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Re: [TowerTalk] Station Ground

To: <>
Subject: Re: [TowerTalk] Station Ground
From: "Jim Lux" <>
Date: Sat, 15 Jan 2005 06:17:54 -0800
List-post: <>
----- Original Message -----
From: "Keith Dutson" <>
To: <>
Sent: Friday, January 14, 2005 9:22 PM
Subject: RE: [TowerTalk] Station Ground

> Would you care to define "ground loops between pieces of equipment"?
> Here are my thoughts:
> An equipment ground loop is a condition where potential (voltage) can be
> measured between the chassis of two pieces of equipment.  If this voltage
> under .0001 volt, is it still a ground loop?  Perhaps.

The classic ground loop problem is in single ended low level audio signals
(Where microvolts count), and where the dominant interference source is 60
Hz magnetic fields inducing a current in the loop.  Another source of
problems is the parasitic capacitance (winding to core) in the power
transformer coupling some AC into the chassis. Balanced systems (which were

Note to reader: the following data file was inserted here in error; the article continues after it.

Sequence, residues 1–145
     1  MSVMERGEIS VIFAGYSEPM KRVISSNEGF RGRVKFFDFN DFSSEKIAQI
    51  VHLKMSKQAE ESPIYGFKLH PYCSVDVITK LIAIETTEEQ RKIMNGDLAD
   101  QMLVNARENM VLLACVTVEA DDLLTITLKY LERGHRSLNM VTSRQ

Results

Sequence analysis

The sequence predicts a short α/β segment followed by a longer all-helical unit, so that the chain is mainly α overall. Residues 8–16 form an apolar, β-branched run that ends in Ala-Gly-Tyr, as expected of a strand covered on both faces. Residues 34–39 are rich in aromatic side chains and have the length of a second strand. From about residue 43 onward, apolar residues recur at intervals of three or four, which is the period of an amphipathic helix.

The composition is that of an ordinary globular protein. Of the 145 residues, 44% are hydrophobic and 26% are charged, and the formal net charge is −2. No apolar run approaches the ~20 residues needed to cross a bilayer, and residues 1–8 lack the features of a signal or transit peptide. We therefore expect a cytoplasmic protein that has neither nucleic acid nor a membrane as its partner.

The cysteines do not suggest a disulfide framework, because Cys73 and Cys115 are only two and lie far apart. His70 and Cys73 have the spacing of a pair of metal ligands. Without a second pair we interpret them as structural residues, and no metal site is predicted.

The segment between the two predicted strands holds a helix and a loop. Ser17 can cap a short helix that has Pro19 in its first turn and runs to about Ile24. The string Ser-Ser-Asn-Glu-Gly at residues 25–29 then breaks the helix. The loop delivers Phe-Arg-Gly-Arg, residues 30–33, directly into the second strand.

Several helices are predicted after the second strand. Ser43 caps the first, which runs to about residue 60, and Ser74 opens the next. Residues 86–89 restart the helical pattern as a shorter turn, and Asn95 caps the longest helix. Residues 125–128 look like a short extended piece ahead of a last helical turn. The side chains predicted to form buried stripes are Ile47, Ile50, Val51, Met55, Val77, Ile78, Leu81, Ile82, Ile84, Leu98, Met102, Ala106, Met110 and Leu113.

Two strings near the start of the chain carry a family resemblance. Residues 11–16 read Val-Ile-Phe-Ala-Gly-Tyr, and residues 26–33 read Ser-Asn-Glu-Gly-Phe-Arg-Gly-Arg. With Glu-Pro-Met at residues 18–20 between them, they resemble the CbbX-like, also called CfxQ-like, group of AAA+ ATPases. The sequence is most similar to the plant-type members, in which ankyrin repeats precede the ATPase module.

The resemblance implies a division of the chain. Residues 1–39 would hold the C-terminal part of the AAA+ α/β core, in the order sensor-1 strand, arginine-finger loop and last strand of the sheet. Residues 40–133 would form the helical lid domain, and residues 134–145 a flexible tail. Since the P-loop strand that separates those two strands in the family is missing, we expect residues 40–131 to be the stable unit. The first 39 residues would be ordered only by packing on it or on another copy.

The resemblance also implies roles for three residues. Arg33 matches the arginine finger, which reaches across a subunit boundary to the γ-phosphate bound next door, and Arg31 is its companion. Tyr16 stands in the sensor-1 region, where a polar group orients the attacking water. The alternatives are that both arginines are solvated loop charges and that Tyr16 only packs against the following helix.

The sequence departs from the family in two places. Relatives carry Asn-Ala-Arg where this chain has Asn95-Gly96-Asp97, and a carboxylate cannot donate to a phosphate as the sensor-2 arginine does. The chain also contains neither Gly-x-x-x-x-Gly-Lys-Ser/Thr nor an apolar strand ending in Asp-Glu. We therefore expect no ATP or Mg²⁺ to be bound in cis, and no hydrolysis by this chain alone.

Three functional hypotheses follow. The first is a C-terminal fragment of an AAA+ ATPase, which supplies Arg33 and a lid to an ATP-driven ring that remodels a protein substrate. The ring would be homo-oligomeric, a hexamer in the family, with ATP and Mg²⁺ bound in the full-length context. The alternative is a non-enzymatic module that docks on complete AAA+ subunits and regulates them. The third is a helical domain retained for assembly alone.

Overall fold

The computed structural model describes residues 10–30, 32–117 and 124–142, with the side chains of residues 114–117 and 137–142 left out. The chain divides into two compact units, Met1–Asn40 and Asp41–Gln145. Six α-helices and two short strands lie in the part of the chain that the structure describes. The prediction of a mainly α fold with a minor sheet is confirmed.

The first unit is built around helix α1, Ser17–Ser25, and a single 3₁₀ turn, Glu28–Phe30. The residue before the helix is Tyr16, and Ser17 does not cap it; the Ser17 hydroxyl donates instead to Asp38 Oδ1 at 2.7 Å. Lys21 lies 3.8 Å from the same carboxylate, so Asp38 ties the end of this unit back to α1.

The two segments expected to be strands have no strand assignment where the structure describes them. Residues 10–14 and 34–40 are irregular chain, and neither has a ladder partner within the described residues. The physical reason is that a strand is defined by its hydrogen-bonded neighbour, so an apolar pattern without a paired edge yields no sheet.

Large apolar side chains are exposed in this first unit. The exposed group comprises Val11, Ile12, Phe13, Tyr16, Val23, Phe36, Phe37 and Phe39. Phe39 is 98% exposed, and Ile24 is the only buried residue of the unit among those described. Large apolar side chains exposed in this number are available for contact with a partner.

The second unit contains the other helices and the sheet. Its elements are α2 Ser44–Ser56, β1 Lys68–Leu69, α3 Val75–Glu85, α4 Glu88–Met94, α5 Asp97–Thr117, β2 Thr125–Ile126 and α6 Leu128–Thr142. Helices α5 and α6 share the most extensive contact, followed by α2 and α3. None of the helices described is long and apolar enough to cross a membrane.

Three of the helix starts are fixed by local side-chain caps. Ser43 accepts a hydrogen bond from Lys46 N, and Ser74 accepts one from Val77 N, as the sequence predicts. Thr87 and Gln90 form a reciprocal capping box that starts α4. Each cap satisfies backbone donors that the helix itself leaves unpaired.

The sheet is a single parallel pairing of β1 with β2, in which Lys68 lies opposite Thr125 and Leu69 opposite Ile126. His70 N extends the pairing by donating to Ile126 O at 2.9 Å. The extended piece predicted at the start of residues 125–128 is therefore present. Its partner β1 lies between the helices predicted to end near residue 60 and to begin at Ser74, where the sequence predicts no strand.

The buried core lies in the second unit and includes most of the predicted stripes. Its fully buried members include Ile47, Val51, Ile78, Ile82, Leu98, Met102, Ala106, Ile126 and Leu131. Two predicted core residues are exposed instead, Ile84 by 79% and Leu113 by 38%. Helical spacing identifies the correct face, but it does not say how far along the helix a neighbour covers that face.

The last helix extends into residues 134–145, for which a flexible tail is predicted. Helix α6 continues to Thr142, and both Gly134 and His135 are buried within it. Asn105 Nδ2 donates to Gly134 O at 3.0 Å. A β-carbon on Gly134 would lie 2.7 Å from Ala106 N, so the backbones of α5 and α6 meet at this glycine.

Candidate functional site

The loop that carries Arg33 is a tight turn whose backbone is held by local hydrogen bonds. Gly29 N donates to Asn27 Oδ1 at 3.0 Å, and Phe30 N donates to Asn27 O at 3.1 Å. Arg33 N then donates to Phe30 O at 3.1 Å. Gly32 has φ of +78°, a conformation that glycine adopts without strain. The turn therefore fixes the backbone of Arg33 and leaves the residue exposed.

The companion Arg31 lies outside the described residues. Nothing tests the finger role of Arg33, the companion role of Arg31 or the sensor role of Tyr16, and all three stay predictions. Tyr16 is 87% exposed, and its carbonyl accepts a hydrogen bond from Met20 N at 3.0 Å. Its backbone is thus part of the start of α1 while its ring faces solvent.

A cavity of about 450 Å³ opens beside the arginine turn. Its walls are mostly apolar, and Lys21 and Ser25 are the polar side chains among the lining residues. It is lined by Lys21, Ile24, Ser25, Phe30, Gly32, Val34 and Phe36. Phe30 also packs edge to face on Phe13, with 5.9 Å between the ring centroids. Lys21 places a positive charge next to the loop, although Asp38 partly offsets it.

addressed in the white paper) help this kind of thing.

In a multi operator station where you're transmitting at the same time as
receiving, one might have a ground loop sort of problem.  Push a kilowatt
through a piece of coax, and there IS some voltage drop in the braid, so the
Tx end of the coax will be at some (small) RF voltage relative to somewhere
down the line (at the panel passing through the wall?).  If you had a
receiver  that was also connected via coax to the panel, and there was a
separate chassis bonding wire from Tx to Rx, you've got a loop.  Might cause
problems, might not?  [obviously, in this case, a star grounding system,
where the ground wire from the Tx went (by itself) to the panel, and
likewise the bonding wire from the Tx went to the panel, would solve the
problem, if any.

I've also had ground loop problems in low level RF systems where clock noise
from one module would propagate into the RF path.  To a digital designer,
hash of 0.1 volt on the 5V power supply (and ground) is no big deal.  Even
if it's attenuated by 60 dB (down to 100 microvolts), that's a pretty big
signal to a sensitive receiver.

Jim, W6RMK


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